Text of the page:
In addition to employee safety, Patrick must deal with the reality of trying to stay in business while putting dinner on the table for his wife and two children. Alcohol sales account for more than half of /pôr/’s sales revenue. Like most other businesses, Patrick has applied for various government loans. “Independent operators like myself need a major infusion of cash,” Patrick says. “I cannot afford to buy food and alcohol to sustain the business.” But the reality is, Patrick cannot stay in business if his restaurant doors continue to be locked. Catch-22.
“It’s been difficult to stay closed. I have an amazing staff. I am totally conflicted. I wish I had the answers,” he said.
The problem is that no one has the answers. And there are too many excruciating difficult questions. Such is trying to run a small business during the pandemic of the century. “Currently, the cards are stacked against us,” said Patrick.
While holding a losing hand in a game of poker gone bad, Patrick now faces more difficult choices. Restaurants and bars are beginning to open across the country. They will soon be opening in Boulder County. “We have a responsibility to securely ensure the health and safety of those we employ,” Patrick says.
Makes perfect sense to me. But what if your employees say they want — and need — to work? “A lot of my employees are willing to take the risk. But at the end of the day, my employees have to hand off food to a customer who may not be wearing any protection,” says Patrick. “What happens if one of my employees gets sick?” Catch-22.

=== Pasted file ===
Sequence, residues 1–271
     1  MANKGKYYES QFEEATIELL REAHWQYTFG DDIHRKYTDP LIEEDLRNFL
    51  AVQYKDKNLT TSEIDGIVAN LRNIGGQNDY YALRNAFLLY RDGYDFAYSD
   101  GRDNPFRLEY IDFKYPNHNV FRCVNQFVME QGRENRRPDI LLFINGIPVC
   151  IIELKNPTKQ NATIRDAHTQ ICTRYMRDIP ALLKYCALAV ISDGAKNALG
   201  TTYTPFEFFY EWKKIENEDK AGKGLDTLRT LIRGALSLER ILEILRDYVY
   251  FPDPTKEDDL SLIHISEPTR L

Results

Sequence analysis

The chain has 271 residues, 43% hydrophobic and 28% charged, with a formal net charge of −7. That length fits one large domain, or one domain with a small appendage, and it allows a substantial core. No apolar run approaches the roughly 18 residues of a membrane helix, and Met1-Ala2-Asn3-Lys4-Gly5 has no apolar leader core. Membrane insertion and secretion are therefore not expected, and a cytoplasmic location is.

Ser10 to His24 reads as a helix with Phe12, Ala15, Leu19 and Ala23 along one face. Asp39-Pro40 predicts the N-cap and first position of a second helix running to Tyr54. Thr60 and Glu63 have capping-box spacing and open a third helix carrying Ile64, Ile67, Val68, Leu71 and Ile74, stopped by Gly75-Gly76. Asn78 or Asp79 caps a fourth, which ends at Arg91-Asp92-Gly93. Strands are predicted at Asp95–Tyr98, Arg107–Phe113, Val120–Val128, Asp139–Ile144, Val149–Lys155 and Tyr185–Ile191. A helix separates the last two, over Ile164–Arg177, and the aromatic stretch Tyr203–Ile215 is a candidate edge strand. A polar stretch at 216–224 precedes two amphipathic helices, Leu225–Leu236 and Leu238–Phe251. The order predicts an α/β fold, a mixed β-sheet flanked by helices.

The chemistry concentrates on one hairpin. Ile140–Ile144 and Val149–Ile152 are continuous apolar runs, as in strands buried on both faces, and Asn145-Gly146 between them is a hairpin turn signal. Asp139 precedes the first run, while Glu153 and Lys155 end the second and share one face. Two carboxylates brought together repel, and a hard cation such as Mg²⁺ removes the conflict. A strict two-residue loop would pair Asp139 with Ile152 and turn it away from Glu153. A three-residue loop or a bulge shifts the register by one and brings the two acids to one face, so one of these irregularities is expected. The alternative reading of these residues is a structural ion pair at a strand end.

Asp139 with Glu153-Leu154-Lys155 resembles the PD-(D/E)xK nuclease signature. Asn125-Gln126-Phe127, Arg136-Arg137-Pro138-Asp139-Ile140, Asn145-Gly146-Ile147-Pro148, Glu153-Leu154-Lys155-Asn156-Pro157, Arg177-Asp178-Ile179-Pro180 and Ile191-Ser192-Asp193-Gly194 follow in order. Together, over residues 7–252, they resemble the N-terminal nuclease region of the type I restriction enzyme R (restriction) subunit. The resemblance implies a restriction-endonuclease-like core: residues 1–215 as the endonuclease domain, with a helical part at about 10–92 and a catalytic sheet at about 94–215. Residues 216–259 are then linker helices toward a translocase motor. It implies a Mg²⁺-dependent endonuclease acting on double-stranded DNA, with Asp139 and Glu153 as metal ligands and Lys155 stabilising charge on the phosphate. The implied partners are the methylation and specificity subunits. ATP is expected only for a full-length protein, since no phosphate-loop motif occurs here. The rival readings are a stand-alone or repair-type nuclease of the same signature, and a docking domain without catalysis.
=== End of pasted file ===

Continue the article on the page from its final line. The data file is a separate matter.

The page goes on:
In the end of this horrible Catch-22, Patrick has elected to “take the short term loss for long term gain.”
There are rays of hope for Patrick and /pôr/. “This (Louisville) is an affluent location. We might come out stronger than other areas.” /pôr/ also possesses the largest outdoor space of downtown Louisville restaurants, some 4700 square feet. Besides the comfort of being outside, the outdoor space gives customers good options when it comes to social distancing. The timing of the potential reopening with the arrival of summer weather also bodes well for Patrick.
Most importantly, in these worst of times, Patrick is comforted by knowing he is surrounded by people who have his back: “I am supported by an amazing staff — and an amazing community. In general terms, I am blessed.”
During these difficult days, it is safe to say that in moments of quiet reflection, we have all counted our blessings. The trials of Patrick Walsh are a sober reminder of the heavy burden all small business owners face in these unprecedented times.
It is also a reminder that when /pôr/ door’s open, safety is not a one-way street. In our new COVID-19 world, customers must also take responsibility for their own well being. By working together, small businesses and customers can create environments that are safe AND enjoyable. As we move toward re-opening downtown Louisville, let’s all agree to share this responsibility. As a community, we can overcome these challenges and bury those annoying Catch-22s. Let’s vow to have the backs of all our downtown businesses. If we do, downtown Louisville can emerge from this coronavirus winter as a stronger and better community.